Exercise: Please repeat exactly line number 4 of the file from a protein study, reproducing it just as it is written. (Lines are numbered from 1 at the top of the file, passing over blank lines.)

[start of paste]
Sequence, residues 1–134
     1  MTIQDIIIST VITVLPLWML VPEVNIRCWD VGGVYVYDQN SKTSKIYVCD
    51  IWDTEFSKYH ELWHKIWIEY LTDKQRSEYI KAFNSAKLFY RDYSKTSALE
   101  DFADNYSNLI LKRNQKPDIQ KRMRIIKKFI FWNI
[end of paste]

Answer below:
   101  DFADNYSNLI LKRNQKPDIQ KRMRIIKKFI FWNI